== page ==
We all know the name of the game financially: You spend your working years saving up a nest egg and watching it grow through contributions and investment gains. Then you retire, and instead of saving, start to withdraw from your accounts to pay expenses. After all the years of watching your accounts increase, they now begin to decrease as you live off your savings. Emotionally, it can be a unique, uncomfortable feeling to watch your accounts decrease. It seems to especially affect those who have always been strong savers.
This is not the same as wondering if you have enough saved up to retire. It’s more about preparing for the shift from saver to spender. Some people who struggle with this may benefit by talking with their financial advisers about creating predictable income streams. These can include annuities, dividends and Social Security.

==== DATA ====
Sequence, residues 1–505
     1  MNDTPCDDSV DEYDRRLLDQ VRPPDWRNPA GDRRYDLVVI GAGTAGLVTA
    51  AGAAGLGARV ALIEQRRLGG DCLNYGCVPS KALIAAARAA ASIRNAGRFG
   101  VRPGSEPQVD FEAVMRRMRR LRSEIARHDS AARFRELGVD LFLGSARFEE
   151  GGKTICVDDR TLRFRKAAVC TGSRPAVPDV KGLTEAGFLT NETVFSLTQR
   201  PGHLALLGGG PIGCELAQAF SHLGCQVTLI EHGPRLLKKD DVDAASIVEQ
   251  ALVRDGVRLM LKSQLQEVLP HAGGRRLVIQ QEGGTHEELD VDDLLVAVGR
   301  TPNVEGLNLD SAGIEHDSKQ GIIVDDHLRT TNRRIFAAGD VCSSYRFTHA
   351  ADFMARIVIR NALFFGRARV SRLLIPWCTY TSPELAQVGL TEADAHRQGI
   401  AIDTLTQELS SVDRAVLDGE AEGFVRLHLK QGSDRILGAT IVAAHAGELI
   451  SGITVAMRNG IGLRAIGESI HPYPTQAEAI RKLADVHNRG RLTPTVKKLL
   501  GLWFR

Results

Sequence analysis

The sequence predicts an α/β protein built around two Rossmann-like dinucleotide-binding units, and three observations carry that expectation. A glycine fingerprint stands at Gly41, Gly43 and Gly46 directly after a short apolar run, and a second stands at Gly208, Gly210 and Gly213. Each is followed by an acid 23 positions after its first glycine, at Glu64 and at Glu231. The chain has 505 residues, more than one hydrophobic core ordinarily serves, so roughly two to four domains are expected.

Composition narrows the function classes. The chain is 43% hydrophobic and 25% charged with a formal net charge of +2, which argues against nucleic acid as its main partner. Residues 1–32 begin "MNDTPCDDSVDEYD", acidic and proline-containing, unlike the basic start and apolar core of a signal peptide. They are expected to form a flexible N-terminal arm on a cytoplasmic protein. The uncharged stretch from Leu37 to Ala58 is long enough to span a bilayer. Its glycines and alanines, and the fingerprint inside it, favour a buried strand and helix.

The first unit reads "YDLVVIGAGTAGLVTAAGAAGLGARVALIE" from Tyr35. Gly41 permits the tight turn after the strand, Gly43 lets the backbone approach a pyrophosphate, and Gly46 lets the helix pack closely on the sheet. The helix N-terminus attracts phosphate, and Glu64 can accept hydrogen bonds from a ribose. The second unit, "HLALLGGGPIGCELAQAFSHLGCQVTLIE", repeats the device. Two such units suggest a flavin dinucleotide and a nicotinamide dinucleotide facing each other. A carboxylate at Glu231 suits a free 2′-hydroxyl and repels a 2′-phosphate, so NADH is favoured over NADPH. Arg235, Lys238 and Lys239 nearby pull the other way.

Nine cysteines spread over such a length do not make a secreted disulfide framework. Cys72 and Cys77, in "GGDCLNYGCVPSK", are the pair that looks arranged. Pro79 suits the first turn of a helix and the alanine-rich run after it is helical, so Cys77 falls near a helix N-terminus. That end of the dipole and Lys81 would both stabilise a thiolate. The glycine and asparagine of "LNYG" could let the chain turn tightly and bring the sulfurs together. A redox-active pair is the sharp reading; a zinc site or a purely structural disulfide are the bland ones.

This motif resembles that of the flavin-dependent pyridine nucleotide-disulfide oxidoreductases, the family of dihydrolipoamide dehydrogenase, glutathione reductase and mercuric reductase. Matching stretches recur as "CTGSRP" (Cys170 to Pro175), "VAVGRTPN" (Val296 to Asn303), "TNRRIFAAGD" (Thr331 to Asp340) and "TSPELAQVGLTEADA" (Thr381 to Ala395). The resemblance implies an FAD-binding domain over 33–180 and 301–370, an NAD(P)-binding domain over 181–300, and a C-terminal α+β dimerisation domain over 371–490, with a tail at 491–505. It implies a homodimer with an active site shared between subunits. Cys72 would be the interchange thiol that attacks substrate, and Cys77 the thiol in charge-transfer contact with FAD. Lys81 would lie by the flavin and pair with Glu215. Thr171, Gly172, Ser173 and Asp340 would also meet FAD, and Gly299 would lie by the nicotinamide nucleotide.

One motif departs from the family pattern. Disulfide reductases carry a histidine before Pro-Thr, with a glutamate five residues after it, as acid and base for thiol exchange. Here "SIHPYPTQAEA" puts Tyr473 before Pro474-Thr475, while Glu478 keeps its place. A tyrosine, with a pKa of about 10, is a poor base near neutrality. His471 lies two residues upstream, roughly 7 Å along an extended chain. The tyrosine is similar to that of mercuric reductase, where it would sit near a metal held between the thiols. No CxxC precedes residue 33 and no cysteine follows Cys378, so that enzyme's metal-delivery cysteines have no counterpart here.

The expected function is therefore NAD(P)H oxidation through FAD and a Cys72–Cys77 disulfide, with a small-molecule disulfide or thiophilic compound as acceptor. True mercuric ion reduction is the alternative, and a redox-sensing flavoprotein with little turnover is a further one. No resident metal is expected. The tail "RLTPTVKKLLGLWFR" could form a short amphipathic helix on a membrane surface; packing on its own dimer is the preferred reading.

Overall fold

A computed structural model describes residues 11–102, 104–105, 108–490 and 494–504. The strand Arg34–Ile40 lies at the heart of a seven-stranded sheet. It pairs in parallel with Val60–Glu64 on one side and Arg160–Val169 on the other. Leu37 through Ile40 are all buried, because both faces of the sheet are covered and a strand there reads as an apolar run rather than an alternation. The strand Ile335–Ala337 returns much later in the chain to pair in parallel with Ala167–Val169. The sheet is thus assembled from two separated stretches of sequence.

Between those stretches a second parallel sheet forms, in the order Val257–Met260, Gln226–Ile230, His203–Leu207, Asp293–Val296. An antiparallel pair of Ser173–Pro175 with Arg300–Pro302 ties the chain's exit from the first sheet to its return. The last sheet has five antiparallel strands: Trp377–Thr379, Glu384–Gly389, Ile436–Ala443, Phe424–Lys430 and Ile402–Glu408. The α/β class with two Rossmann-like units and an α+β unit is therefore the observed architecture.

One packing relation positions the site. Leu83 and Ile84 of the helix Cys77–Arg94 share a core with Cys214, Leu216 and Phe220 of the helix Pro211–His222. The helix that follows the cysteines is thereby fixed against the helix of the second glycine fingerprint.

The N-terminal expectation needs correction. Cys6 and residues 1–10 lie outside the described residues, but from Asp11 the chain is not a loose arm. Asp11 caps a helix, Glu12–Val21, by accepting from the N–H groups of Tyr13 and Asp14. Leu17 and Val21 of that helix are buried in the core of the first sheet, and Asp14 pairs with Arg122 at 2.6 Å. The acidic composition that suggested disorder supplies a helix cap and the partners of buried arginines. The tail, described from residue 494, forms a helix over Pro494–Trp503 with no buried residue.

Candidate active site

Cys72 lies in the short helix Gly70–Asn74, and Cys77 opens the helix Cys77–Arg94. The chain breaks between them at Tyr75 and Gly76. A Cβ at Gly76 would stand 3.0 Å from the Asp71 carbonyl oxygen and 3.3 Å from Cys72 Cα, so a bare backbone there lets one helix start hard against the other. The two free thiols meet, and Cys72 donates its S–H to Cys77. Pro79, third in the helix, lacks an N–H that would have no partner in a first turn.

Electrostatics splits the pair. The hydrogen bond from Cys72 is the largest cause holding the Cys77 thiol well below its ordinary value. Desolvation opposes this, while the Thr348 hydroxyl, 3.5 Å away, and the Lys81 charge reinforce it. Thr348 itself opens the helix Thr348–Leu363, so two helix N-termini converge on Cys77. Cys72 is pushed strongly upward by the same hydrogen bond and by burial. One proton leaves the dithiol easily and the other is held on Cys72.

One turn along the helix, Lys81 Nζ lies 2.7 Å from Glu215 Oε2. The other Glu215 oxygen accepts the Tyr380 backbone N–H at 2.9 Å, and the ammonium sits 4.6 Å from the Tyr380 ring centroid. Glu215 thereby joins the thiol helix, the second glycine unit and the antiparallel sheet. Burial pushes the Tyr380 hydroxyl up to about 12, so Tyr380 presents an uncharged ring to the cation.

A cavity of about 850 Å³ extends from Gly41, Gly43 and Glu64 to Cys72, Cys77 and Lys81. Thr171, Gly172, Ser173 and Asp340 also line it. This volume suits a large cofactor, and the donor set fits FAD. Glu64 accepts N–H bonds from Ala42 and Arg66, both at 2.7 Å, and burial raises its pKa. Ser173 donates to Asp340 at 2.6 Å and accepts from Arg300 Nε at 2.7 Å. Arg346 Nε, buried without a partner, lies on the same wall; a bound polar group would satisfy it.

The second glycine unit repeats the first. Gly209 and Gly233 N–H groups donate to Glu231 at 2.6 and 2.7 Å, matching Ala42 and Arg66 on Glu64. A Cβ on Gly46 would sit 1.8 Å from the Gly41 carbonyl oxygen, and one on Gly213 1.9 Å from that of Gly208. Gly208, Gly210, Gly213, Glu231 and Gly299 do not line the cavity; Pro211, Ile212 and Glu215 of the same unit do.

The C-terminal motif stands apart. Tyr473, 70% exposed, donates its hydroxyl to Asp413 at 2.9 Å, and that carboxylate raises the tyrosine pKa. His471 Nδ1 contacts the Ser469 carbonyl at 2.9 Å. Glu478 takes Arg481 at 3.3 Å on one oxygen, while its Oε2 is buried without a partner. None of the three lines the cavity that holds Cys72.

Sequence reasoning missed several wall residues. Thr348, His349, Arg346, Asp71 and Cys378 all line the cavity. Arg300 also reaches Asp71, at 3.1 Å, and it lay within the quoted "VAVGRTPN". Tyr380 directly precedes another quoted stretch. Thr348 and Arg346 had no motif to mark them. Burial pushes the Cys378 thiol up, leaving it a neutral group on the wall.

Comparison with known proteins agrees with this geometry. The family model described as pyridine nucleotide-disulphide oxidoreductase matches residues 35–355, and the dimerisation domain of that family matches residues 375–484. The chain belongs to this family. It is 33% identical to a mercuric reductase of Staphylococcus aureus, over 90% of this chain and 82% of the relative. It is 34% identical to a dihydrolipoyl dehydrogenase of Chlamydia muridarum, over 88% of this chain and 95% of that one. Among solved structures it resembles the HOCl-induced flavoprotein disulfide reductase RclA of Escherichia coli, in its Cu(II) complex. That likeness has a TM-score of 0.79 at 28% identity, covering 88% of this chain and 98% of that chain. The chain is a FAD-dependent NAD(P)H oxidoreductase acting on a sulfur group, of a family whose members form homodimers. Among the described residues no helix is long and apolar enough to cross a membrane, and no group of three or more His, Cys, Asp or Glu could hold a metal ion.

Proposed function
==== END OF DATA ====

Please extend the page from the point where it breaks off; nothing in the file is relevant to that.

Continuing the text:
Retirement is one of life’s major adjustments. It’s a time to shed old habits and create new ones. By giving careful thought to these questions ahead of time, you can create a retirement filled with support, growth, and purpose.
This article was written by and presents the views of our contributing adviser, not the Kiplinger editorial staff. You can check adviser records with the SEC or with FINRA.
Kevin Webb is a financial adviser, insurance professional and Certified Financial Planner™ at Kehoe Financial Advisors in Cincinnati. Webb works with individuals and small businesses, offering comprehensive financial planning, including Social Security strategies, along with tax, retirement, investment and estate advice. He is a fiduciary, ensuring that he acts in his clients’ best interests.